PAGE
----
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This happens to me all the time, usually when I copy a text file generated on Windows over to my Linux server via a network share managed by samba on the server's side. Hastur is right, in the comments, and Joe Sewell in his answer, too: it's just the 'executable' permissions flag is set. My solution is: chmod u-x,go+r filename This makes it ...
If you've got LS_COLORS set up with default values (or at least the defaults I've seen in RHEL), the green color of the filename doesn't mean it's binary, only that one or more executable bits are set. ls -l should give you the information you need to confirm this. Remember that, in Linux, shell scripts are text files that must be executable in order to work ...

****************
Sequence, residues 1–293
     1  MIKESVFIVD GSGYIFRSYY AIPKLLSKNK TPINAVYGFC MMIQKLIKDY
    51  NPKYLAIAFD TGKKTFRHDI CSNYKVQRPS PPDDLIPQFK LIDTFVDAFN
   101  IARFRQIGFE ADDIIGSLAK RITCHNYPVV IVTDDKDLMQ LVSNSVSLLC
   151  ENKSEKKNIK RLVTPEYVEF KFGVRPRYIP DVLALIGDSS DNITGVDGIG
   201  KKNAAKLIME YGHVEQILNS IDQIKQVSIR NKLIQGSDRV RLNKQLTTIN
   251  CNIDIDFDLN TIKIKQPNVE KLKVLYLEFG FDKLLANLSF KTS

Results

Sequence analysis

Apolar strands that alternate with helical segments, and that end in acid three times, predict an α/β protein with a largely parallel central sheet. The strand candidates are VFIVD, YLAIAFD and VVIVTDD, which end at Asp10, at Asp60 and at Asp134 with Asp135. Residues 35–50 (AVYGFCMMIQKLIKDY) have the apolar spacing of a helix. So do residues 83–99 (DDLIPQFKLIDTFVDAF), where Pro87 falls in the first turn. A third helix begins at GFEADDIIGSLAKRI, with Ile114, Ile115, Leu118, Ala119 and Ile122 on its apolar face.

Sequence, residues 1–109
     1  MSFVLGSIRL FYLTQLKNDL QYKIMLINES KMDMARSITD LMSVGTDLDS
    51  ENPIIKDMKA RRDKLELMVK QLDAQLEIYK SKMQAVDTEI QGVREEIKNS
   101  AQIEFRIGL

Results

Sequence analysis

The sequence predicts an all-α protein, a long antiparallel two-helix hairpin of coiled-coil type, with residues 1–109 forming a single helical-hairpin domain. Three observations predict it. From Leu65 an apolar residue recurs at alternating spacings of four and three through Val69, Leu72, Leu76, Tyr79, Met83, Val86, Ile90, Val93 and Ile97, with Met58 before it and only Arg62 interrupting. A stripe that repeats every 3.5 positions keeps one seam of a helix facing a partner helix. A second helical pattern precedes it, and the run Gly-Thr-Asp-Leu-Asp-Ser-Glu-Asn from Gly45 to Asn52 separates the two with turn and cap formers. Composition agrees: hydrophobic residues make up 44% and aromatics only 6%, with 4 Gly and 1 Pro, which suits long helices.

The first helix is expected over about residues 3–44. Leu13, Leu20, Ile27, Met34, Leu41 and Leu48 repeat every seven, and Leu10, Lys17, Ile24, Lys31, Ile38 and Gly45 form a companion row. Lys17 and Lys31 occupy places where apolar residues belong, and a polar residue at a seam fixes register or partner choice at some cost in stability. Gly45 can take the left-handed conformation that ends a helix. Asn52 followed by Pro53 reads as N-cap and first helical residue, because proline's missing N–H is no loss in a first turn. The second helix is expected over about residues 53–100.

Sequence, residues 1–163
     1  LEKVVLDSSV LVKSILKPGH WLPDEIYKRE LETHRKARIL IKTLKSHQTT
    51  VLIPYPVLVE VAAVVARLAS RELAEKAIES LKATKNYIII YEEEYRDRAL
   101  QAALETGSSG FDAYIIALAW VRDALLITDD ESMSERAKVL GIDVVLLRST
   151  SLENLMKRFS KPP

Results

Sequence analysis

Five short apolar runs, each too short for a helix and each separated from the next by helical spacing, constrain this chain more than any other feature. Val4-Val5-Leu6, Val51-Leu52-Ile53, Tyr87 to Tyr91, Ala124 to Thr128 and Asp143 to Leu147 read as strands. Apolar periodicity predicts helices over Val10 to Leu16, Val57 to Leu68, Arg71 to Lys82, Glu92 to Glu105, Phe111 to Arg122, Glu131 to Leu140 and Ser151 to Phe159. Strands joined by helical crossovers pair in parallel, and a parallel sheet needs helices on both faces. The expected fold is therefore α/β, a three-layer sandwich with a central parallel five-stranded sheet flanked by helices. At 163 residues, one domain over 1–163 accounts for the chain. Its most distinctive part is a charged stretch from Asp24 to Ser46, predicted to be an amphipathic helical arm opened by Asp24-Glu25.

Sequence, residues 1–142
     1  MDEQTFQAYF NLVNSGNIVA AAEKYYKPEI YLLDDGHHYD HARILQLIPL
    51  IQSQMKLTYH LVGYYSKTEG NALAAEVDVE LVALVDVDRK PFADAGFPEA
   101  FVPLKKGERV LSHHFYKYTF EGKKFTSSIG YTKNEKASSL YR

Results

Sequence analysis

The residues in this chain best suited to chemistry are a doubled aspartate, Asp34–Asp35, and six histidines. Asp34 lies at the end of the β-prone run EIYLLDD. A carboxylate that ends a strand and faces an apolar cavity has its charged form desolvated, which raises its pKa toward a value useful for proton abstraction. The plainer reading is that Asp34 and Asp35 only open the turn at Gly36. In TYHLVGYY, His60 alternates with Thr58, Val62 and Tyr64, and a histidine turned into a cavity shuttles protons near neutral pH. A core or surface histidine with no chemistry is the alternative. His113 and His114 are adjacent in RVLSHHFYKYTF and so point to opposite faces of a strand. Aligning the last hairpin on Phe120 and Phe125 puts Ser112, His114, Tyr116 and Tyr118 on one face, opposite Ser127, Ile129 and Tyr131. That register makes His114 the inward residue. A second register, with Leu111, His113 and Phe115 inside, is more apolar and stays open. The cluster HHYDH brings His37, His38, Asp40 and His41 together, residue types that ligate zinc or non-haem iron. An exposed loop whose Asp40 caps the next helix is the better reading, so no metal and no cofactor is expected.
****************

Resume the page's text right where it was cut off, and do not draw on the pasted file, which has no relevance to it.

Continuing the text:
If the server still supports the original HTTP protocol version telnet www.example.com 80 | tee page.txt get /index.html If the server manages several sites you'll need to preceed the request with a host header. For more recent versions of HTTP you'll need to do some other stuff. The RFCs are a useful resource.
Section separators are used to change layout like that. If you turn on paragraph marks, you should see the section break and be able to delete it which should do what you want.
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